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    George
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    Those walls will stay true for a very good number years but in the case of just walls they have no load bearing to make them move out of true.

    Its a different kettle of fish when theres a load bearing imposed on same brick and mortar structure,for instance the old 120/130 year old 2 up 2 down houses,some of these house walls moved so badly ove the years that they bellied out and eventually just collapsed,its quite common as many back house walls at the back of where I'm living have gone that way and had to be rebuilt when I look out my back window I see 3 new extensions that have been built at sometime or other and even my own is slightly bellying out when I look at the house wall sideways.

    I've even seen frontages of old house's completely fallen out using the brick& mortar of the Victorian age.

    Load bearing plays a part in whether a high wall will withstand the test of time.

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    Came fourth...now what? Oudeis's Avatar
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    ...and the fact that these walls are not on a bend in the road.

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    Quote Originally Posted by dazza View Post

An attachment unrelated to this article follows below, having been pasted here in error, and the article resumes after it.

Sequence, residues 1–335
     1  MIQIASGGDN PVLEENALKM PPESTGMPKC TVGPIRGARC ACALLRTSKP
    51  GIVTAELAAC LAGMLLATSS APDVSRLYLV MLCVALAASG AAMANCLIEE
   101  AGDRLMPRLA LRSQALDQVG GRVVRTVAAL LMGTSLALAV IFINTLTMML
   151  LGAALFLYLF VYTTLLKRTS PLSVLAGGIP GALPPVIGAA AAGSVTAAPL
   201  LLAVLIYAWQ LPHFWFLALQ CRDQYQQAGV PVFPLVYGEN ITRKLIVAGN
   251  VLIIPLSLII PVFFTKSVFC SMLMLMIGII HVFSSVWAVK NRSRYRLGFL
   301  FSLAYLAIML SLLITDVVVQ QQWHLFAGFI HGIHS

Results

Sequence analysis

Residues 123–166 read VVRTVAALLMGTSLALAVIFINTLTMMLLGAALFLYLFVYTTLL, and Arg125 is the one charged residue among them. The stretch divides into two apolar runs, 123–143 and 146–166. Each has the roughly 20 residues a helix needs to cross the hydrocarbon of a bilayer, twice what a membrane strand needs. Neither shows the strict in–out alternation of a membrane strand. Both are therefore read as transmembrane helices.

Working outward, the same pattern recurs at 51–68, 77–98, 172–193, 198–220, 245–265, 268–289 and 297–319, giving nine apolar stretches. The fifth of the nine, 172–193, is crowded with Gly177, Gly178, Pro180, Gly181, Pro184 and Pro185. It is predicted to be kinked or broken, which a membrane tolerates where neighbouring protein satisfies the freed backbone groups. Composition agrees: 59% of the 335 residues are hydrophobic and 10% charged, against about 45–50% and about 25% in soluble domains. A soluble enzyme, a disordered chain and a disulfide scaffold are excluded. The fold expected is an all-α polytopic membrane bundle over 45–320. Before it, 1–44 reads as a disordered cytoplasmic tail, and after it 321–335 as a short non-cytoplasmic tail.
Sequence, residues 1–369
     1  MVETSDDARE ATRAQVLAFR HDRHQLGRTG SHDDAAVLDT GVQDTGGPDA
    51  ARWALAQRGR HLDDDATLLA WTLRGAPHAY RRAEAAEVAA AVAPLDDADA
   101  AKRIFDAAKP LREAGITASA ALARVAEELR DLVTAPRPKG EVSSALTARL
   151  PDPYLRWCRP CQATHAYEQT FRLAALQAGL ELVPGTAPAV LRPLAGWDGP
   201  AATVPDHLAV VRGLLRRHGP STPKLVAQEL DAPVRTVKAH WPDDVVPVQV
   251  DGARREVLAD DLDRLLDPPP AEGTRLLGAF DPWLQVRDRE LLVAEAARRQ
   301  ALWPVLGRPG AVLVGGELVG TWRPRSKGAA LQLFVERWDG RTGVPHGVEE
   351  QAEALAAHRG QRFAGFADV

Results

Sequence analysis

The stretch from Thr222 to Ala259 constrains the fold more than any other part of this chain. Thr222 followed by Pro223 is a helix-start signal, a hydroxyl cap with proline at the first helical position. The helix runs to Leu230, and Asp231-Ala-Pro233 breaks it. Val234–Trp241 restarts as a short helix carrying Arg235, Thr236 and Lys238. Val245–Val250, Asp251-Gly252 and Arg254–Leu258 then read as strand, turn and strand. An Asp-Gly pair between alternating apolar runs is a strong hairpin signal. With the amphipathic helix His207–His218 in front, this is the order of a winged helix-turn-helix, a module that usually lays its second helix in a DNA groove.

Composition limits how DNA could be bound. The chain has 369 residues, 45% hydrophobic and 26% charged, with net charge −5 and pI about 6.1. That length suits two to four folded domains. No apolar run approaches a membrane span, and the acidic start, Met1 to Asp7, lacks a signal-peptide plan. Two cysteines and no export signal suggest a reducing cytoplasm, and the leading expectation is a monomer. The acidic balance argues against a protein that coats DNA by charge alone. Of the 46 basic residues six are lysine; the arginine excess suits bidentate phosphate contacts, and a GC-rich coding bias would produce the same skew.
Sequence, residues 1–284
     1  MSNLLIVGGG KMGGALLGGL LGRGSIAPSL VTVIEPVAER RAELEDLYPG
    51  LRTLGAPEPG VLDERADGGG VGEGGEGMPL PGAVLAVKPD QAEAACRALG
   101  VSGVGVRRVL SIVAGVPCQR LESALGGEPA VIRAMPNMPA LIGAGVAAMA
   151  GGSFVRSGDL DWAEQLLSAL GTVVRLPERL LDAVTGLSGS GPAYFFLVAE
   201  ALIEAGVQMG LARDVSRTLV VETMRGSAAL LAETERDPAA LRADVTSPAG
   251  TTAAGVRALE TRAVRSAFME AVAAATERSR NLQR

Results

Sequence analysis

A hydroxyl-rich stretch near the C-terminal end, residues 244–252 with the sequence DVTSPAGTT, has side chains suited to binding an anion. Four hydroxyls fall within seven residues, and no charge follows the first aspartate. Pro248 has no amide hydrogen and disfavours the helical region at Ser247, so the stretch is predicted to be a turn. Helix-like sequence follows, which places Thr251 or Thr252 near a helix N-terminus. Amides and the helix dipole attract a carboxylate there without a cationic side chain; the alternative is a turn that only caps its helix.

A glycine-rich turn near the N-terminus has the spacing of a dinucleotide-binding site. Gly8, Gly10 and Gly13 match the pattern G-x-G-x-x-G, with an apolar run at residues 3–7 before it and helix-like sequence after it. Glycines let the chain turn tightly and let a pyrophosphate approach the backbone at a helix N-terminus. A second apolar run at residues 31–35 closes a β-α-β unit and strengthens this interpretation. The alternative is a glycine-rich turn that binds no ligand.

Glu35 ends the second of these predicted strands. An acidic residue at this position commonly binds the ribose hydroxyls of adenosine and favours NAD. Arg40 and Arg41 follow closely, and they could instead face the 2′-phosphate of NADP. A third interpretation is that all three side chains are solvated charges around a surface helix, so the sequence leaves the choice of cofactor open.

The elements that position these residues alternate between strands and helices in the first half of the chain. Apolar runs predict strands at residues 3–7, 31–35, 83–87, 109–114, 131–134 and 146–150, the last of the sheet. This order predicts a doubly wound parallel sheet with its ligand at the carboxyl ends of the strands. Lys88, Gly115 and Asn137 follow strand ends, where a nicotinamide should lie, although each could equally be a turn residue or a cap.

I think the trade-off to working with cement isn't worth it. The masonry just looks fake! Long live 150 year old walls!
    Ha,Ha,You couldn't say that about much else!

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    Senior Member wsteve55's Avatar
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    Quote Originally Posted by George View Post
    Those walls will stay true for a very good number years but in the case of just walls they have no load bearing to make them move out of true.

    Its a different kettle of fish when theres a load bearing imposed on same brick and mortar structure,for instance the old 120/130 year old 2 up 2 down houses,some of these house walls moved so badly ove the years that they bellied out and eventually just collapsed,its quite common as many back house walls at the back of where I'm living have gone that way and had to be rebuilt when I look out my back window I see 3 new extensions that have been built at sometime or other and even my own is slightly bellying out when I look at the house wall sideways.

    I've even seen frontages of old house's completely fallen out using the brick& mortar of the Victorian age.

    Load bearing plays a part in whether a high wall will withstand the test of time.
    Just thinking about the walls you often see,on old pic's of tenement houses!These seem to be unusually high,blocking out most daylight,but seem to be built using the same technique i.e. very high,with no buttressing,and a single coarse of brick.but what do I know???